Loves Great Challenge

The current statistics regarding Alzheimer’s disease in the U.S. are sobering—and are only projected to grow worse. Today more than 5 million Americans have Alz- heimer’s disease, and the number is projected to climb to perhaps 16 million by 2050.

For family members caring for a loved one with Alzheimer’s, the costs can be enormous. In 2016, family caregivers provided an estimated $230 billion and 18.2 billion hours caring for those with dementia.

The cost of care, however, often goes far beyond money and time. The role of an Alzheimer’s care- giver can be stressful, exhausting, and frightening, especially as the disease progresses into more advanced stages.

For those caring for a loved one with Alzheimer’s, we hope these suggestions will be helpful.


An Alzheimer’s patient can easily become agitated when once simple tasks become more difficult. To ease frustrations:

• Establish a basic routine to make each day less confusing. Schedule tasks such as bathing at times when they’re most alert and refreshed. But allow some flexibility for spontaneous activ- ities.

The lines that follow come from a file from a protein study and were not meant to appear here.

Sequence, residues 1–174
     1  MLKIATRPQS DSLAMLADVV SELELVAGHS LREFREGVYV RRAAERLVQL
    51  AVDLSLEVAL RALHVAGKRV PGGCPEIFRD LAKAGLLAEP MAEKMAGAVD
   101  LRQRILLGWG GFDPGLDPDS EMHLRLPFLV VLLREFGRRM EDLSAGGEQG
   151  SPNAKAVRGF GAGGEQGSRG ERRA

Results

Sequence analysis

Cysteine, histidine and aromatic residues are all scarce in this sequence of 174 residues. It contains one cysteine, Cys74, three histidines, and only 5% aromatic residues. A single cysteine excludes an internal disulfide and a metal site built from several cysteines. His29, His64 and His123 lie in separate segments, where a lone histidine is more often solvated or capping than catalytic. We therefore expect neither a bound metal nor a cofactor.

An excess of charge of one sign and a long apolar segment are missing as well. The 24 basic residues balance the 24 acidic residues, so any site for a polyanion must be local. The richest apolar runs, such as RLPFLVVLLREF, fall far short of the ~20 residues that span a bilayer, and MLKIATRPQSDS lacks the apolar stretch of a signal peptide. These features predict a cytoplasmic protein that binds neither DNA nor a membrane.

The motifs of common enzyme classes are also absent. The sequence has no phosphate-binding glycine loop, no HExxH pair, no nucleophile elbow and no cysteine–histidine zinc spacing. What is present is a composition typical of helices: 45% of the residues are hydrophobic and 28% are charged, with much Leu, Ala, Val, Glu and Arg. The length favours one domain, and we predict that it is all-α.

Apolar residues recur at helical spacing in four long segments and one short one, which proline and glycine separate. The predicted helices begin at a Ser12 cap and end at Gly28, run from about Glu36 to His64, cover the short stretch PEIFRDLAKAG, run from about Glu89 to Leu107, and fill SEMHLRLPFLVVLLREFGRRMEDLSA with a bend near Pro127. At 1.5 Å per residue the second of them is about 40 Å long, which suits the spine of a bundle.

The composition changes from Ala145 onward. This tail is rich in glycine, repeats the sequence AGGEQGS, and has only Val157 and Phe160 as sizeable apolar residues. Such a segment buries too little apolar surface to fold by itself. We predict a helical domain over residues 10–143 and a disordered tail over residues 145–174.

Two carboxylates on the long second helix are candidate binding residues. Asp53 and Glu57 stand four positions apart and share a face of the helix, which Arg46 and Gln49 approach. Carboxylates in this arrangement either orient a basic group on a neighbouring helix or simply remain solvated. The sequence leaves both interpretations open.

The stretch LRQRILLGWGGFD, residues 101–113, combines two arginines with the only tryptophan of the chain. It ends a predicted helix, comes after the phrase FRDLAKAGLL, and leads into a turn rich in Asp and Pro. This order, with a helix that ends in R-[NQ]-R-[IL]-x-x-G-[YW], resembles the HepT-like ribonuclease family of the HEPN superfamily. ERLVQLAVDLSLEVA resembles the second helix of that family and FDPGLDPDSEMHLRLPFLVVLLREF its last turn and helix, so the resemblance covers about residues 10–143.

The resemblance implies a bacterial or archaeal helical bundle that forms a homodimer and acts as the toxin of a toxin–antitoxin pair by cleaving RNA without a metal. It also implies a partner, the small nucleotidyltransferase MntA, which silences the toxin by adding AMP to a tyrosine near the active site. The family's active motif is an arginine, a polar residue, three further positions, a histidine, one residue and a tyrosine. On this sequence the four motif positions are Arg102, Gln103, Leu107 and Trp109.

• Provide simple instructions. Pa- tients best understand clear, one- step communication.

• Keep them involved. Allow your loved one to do as much as pos- sible, such as setting the table or helping you mix ingredients for a dish.

• Provide choices. It’s best to minimize choices, but give them some. Provide two outfits to choose from, for example, or ask if they would like to go for a walk or watch a movie.

• Take your time. Things will take longer than they once did, so schedule more time for tasks so they don’t feel hurried or pres- sured.


• Avoid scattered rugs, extension cords, and any clutter that might lead to a fall. Install hand rails in critical areas.

• Install locks on cabinets that contain potentially harmful things like weapons, tools, dangerous utensils, medicines, alcohol, or toxic cleaning substances.

• Lower the temperature on the hot water heater to avoid scalding.

• Keep matches and lighters out of reach, and if they smoke, make sure they’re supervised



• Turn off the radio or TV, keep unneeded items off the table, and if necessary, serve one thing at a time.

• Don’t hurry, and give them plenty of time to eat.

• If swallowing is difficult, serve softer foods like cottage cheese, ap- plesauce, or scrambled eggs.


Specialists really don’t know how to prevent Alzheimer’s, but exercising your brain by learning new things, along with a healthy diet and regular exercise, are thought to help keep your brain healthy.


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